Fox News aired more than 100 commercial promotions for tea party protests in less than two weeks. From April 6 to April 15, Fox News aired at least 107 commercial promotions for their coverage of the April 15, 2009, tea party protests.
Beck encouraged viewers to "please go" to "FNC (Fox News Channel-Fox Nation) Tax Day Tea Parties." Fox News aired graphics on repeated occasions in which they dubbed the April 15, 2009, Tax Day Tea Parties, "FNC Tax Day Tea Parties." Host Glenn Beck told viewers they could "[c]elebrate with Fox News" at any of four Fox News-described "FNC Tax Day Tea Parties," saying: "If you can't make the one in San Antonio" -- which Beck himself attended -- "please go to the one with Neil or with Sean in Atlanta, that's supposed to be great, Greta is in Washington, D.C. Just get out and let your face be seen."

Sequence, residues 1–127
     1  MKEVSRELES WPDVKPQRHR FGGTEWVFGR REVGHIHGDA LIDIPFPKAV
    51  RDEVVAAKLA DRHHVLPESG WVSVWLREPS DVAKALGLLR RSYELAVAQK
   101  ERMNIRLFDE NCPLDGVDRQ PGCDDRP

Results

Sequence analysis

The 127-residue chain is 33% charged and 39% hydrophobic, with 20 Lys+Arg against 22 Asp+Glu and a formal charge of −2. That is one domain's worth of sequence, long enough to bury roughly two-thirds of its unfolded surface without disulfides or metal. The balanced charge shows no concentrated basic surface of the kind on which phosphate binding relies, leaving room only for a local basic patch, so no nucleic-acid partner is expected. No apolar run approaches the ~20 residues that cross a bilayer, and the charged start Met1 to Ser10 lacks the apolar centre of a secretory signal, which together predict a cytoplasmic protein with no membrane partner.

"Can't get to a tea party? Fox Nation hosts a virtual tea party." On the April 11, 2009, edition of Fox News Watch, Fox News host Bill Hemmer said:
HEMMER: While the mainstream media's ignored the tea party movement, here at the Fox News Channel, we're gearing up to bring you special coverage of the events all across the country. Sean Hannity is in Atlanta; Glenn Beck's at the Alamo -- where else would he be? -- San Antonio; Neil Cavuto is live in Sacramento; and Greta is in Washington, D.C.
Can't get to a tea party? Fox Nation hosts a virtual tea party. You can check it out on the site for the location of a tea party in your area. Again, that is Wednesday, the 15th of April.
On April 15, 2009, news anchor Megyn Kelly said, "you can join the tea party action from your home if you go to the FoxNation.com ... a virtual tax day tea party." On April 16, 2009, Fox & Friends co-host Gretchen Carlson told viewers that they "can still have a virtual tea party" at Fox Nation